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I realize this sounds simple, and probably is... Say this the code within main(), which is inside of a loop:

System.out.println(num[i]+"\t     "+qty[i]+"\t     "+money.format(price[i])+"\t"+money.format(value[i])+"\t"+reorder[i]);

with the total captured here:


as you may have noticed, it works fine. However, during the output the line of #114 (2nd to last line) has a total value of $90.00. This is correct, but it causes odd spacing for the Reorder Point variable. To state it simply, can I format this variable to take up the same amount of space as it's larger-digited counterparts?

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2 Answers 2

up vote 5 down vote accepted

Something like

String.format("%10.2f", yourFloat)
// or
System.out.format("%10.2f", yourFloat)

Will print a 10-character wide (including decimal) string, with two numeric characters after the decimal.



String.format("$%6.2f", value[i])

will align both the $ and . characters (unless value[i] > 999.99).

Instead of:

    num[i]                +"\t     "+
    qty[i]                +"\t     "+

(which is exactly what you had, just formatted for clarity and to remove the scroll bar)

I'd probably write:

System.out.format("%5d\t %5d\t $%5.2f\t $%6.2f\t %5d %n", 
    num[i], qty[i], price[i], value[i], reorder[i]);

This assumes that the price and value arrays are floats or doubles. Since money isn't a standard class, it's hard to tell exactly what it does other than add a $ sign.

The string format syntax is defined in the docs, but for floats it's roughly:


Where X is the total field width and Y is the number of decimal points

For example

"123.40"  Has a total width of 6:  
          3 + 1 [decimal point] + 2 = 6)
"  2.34"  Also has a total width of 6:
          2 [spaces] + 1 + 1 [decimal point] + 2 = 6
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I don't mean to sound uneducated in Java, but I'm just starting it, but could you please explain the significance/purpose of the "%10.2f"? Also, since I'm displaying them in a System.out.println() form, would I simply have to use it like this... System.out.println(String.format("%10.2f", value[i])); ...or like this? System.out.format("%10.2f", value[i]+"\t"+othervariableshere); –  Brandon Durst Apr 5 '13 at 16:48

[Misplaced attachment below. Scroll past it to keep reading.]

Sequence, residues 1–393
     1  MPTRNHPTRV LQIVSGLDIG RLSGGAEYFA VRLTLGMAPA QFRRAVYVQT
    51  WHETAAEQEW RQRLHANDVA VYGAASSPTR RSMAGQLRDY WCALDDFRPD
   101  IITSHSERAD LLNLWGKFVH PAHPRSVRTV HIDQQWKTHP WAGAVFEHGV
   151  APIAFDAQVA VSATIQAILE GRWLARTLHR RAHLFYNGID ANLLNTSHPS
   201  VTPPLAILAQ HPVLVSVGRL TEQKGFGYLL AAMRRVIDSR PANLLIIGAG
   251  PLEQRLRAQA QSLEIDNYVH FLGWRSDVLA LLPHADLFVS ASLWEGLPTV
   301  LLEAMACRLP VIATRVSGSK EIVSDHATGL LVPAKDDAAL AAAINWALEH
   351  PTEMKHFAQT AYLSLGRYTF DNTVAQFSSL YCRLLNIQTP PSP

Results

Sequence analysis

I'll edit my post, one second. –  jedwards Apr 5 '13 at 16:50
Sorry to bother again, but I just tried that method, and I couldn't get more than one variable in one line without using multiple statements. I'm looking to do something like this: System.out.format("$%3.2f", price[i]+"\t"+num[i]); but I could only get it to work like this: System.out.format("$%3.2f", price[i]); System.out.println("\t"+num[i]); Any way to do that in a single line/statement? –  Brandon Durst Apr 5 '13 at 16:55
Yep, just added something like that in. System.out.format will accept as many parameters as you give it, provided you pass them correctly. –  jedwards Apr 5 '13 at 17:02
Without looking at the logic behind the code, if you're trying to do this System.out.format("$%3.2f", price[i]+"\t"+num[i]); then you should do it like this: System.out.format("$%3.2f\t"+num[i], price[i]); –  jedwards Apr 5 '13 at 17:04
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Formatter formatter = new Formatter();
    System.out.println(formatter.format("%20s %20s %20s %20s %20s", "Title*", "Title*", "Title*", "Title*", "Title*"));

    for (int i = 0; i < 10; i++) {
        formatter = new Formatter();

        System.out.println(formatter.format("%20s %20s %20s %20s %20s", num[i],qty[i],money.format(price[i]),money.format(value[i]),reorder[i]));
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This doesn't address the OP's question or solve their issue. –  jedwards Apr 5 '13 at 16:51
I'd consider it, but it seems rather lengthy and impractical, especially as how I'm trying to do this on one println() statement if possible. –  Brandon Durst Apr 5 '13 at 17:02
@BrandonDurst This solves your problem? –  Achintya Jha Apr 6 '13 at 4:03
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